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  • Windsor Castle on Random Famous Buildings That Were Rebuilt

    (#5) Windsor Castle

    • Gothic architecture

    Windsor Castle in England, described by the UK's Royal Collection trust as the "oldest and largest inhabited castle in the world," has been home to 39 royal folks, including Queen Elizabeth II, who still spends most of her weekends there. William the Conqueror built the fortress in the 11th century. The palace was rebuilt many times to accommodate the whims and design tastes of various monarchs, but the complex survived WWII and other potentially damaging military conflicts. The earlier version of the grounds in the drawing here is from around the 17th century.

    In 1992 a fire broke out in the private chapel that wiped out 115 rooms. Restoration took five years, with some rooms getting a makeover using such modern materials as sustainable wood.    

  • Yellow Crane Tower In Wuhan, China on Random Famous Buildings That Were Rebuilt

    (#9) Yellow Crane Tower In Wuhan, China

    The original version of China's Yellow Crane Tower, which overlooks the Yangtze River from atop a hill, was built in 223 as a watchtower, then became a scenic location. It was rebuilt more than seven times, and after a fire wiped out the tower in the late 1800s, it wasn't reconstructed until nearly 100 years later in 1981.

    The eaves, covered in yellow glazed tiles, were designed to look like a crane unfurling its wings. 

  • Royal Castle, Warsaw on Random Famous Buildings That Were Rebuilt

    (#12) Royal Castle, Warsaw

    Built in stages starting in the Middle Ages, the Royal Castle in Warsaw, Poland, was originally a nearly all wooden structure. It previously served as a residence for Polish monarchs and site for Parliament, among other uses. During WWII, under German occupation the castle was bombed, plundered, then wiped out during the Warsaw Uprising.  

    Reconstruction using donated funds didn't begin until 1971 and continued through the 1980s, when the structure reopened its interior to the public. Restoration of other parts of the complex continued through 2019. Some salvaged pieces of debris have been incorporated into the rebuilt palace. 

  • White House on Random Famous Buildings That Were Rebuilt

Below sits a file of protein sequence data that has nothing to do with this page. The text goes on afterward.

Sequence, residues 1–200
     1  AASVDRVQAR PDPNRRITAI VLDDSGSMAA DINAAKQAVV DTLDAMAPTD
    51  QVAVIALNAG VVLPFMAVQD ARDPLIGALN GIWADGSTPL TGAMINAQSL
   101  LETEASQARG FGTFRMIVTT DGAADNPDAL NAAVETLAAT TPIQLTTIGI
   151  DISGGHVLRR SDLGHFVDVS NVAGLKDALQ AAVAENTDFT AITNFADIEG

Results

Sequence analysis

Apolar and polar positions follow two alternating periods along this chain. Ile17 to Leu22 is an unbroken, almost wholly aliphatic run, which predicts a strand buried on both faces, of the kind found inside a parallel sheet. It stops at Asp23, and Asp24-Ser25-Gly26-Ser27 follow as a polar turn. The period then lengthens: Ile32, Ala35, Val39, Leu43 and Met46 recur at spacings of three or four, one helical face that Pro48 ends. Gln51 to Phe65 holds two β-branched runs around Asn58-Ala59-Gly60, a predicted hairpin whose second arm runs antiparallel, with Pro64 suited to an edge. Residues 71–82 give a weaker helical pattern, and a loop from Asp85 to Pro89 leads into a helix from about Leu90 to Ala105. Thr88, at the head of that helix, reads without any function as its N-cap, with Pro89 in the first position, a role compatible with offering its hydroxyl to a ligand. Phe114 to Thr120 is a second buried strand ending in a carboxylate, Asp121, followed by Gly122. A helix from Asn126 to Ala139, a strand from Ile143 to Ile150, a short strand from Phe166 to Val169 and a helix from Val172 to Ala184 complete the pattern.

(#11) White House

    • Neoclassical architecture

    Built in the 1790s and first occupied by John Adams and his wife Abigail, the country's presidential abode was known as the "President's House" or "Executive Mansion" before Teddy Roosevelt officially dubbed it the "White House" (to distinguish it from governors' executive mansions) in 1901. After the British set the building on fire in 1814 during the War of 1812, the scorched structure (represented in the painting here by George Munger) was rebuilt.

    Over the years, it's been renovated and expanded several times, most notably during the administrations of Teddy Roosevelt and Harry Truman. During Roosevelt's tenure, the West Wing was added. During Truman's presidency, the interior was gutted and completely redone. The White House now has 132 rooms; the only part of the original structure still standing is the exterior stone walls

  • St. Mark's Campanile In Venice, Italy on Random Famous Buildings That Were Rebuilt

    (#6) St. Mark's Campanile In Venice, Italy

    The bell tower at St. Mark's Basilica in Venice, Italy, about 323 feet tall, is separate from rather than attached to the church. Rebuilt several times from the 12th to 14th centuries as a watchtower, it took its current form as a bell tower in 1514, when the belfry, spire, and a weather vane in the form of the archangel Gabriel were added. 

    The tower collapsed in 1902 due to a crack in a wall; no one lost their life when it fell. Ten years later the rebuilt tower reopened to mirror the original on the exterior, but with a more stable structure. Gabriel was re-created using fragments from the fallen weathervane. The five bells, shattered in 1902, were recast. 

  • Cathedral of Christ the Saviour on Random Famous Buildings That Were Rebuilt

    (#2) Cathedral of Christ the Saviour

    The Russian Orthodox Cathedral of Christ the Savior in Moscow was built to commemorate the country's victory over Napoleon in 1812. Construction took more than 40 years, starting in 1839. Appropriately, Tchaivosky's "1812 Overture" premiered in 1882 outside the unfinished building.

    Stalin's forces brought down the church in 1931 (pictured) to make way for a grandiose Palace of Soviets. That building project didn't happen, however, and the site became an open-air swimming pool. After the fall of the Soviet Union, the church was rebuilt from 1995 to 2000, based on the original design but with more modern materials and other features such as underground parking. 

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About This Tool

As a great historical witness, historical buildings are receiving more and more attention and protection from various countries. But in the past, some old buildings were unfortunately destroyed for various reasons and later rebuilt. For example, the Dresden Frauenkirche was bombed during the Second World War. The reconstruction work began until Germany was reunified, and it eventually became a symbol of hope after the war. The church was rebuilt in 2005.

There are many rebuilt historical buildings worth visiting around the world, and governments have made great efforts to protect the various historical relics in the buildings. The generator simply introduced 13 famous buildings that were rebuilt.

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